You have reached the Cape May Birding Hotline, a service of New Jersey
Audubon Society's Cape May Bird Observatory. This message was prepared
on Thursday, January 9, 2003. Highlights from the last week include
GREATER WHITE-FRONTED GOOSE, LONG-BILLED CURLEW, RAZORBILL, DOVEKIE,
LITTLE GULL, KING EIDER, HARLEQUIN DUCK, LESSER BLACK-BACKED GULL, and
Five GREATER WHITE-FRONTED GEESE continue to be around West Cape May.
They are now most often found on one of the back fields at the Rea Farm,
but still sometimes frequent the fields along Stevens Street. Our most
recent report is from Jan. 7th.
A LONG-BILLED CURLEW continues to be seen in the marshes behind North
Wildwood. Our most recent report is from Jan. 5th. Best viewing is
from the west end of 26th, 19th, 17th, and 14th Streets in North
Wildwood. The bird is usually seen at lower tides.
Two RAZORBILLS and one DOVEKIE were seen offshore from Cape May Point on
Jan. 5th, and a distant alcid identified as a probable RAZORBILL was
seen here on Jan. 6th. Two RAZORBILLS and a LITTLE GULL were seen off
the Point on Jan. 3rd. Also on the 3rd, 9 distant alcids, probably
RAZORBILLS, were seen from the Avalon Seawatch site. Contact the
statewide hotline at (732) 872-2595 for information about many other
alcid sightings from the North Jersey coast.
Three KING EIDERS and two HARLEQUIN DUCKS were seen on Jan. 6th near
Absecon Inlet in Atlantic City, by the Showboat and Taj Mahal casinos.
A LESSER BLACK-BACKED GULL was seen at Poverty Beach in Cape May on Jan.
One EURASIAN WIGEON was on Daveys Lake at the Higbee Beach Wildlife
Management Area on Jan. 3rd.
A VESPER SPARROW was seen in the third field at Higbee on Jan. 8th. A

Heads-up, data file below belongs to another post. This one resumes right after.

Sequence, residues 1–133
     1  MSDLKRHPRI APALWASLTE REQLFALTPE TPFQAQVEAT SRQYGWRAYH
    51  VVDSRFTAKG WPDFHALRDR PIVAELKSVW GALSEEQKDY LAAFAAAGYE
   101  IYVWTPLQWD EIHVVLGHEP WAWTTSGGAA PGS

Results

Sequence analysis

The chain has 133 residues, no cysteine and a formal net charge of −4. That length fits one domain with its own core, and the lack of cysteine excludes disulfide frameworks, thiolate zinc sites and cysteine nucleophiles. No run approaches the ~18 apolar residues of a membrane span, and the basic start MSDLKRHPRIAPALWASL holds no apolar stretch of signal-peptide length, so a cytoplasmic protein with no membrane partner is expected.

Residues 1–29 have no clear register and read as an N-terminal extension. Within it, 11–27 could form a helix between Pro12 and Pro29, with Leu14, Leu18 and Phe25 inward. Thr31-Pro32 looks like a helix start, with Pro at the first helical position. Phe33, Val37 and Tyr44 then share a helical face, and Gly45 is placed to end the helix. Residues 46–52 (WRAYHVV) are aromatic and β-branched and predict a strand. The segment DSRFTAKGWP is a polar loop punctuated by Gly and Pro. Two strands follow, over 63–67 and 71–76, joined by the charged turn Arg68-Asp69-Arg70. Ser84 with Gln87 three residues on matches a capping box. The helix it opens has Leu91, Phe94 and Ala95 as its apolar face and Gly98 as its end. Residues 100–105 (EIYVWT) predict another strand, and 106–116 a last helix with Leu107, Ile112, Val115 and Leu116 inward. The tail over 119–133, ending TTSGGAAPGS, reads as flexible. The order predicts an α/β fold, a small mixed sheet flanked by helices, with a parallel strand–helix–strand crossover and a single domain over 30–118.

YELLOW-BREASTED CHAT was found here on the 5th. ORANGE-CROWNED WARBLERS
were found at Cape May Point State Park on Jan. 6th and at The Nature
Conservancys Cape May Migratory Bird Refuge (The Meadows) on Jan.
4th. A PURPLE FINCH (very scarce this winter) flew above birders at
Higbee on Jan. 5th. At least one NORTHERN GOSHAWK is being seen
repeatedly at several areas around Cape May, including Higbee and The
Meadows. Dozens of RED KNOTS are wintering on the beaches of south
Stone Harbor and at the Two Mile Beach Unit of the Cape May NWR.
A pelagic trip from Belmar, NJ, is scheduled for Saturday, February 1.
For more information call 215-234-6805 or e-mail email@example.com.
The Cape May Bird Observatory offers an extensive series of regular bird
walks that require no pre-registration and many special field trips and
programs for which advanced registration is required. To receive a copy
of our Program Schedule, stop at one of our centers, call the office
during business hours at 609-861-0700, call our natural history and
events hotline at 609-861-0466, or go to New Jersey Audubon's WEB SITE
This Cape May Birding Hotline is a service of the Cape May Bird
Observatory, which is a research, conservation, and education unit of
the New Jersey Audubon Society. Our aim is to preserve and perpetuate
the ornithological significance of Cape May. Your membership supports
these goals and this hotline. We detail sightings from around Cape May
County, and also include reports from Cumberland and Atlantic Counties.
Updates are typically made on Thursdays. Please report your sightings
of rare or unusual birds to CMBOs Northwood Center at 609-884-2736, or
e-mail reports to CapeMayReports@njaudubon.org. Thanks for calling and
Mark S. Garland
New Jersey Audubon Society
Cape May Bird Observatory
701 E. Lake Dr.
PO Box 3
Cape May Point, NJ 08212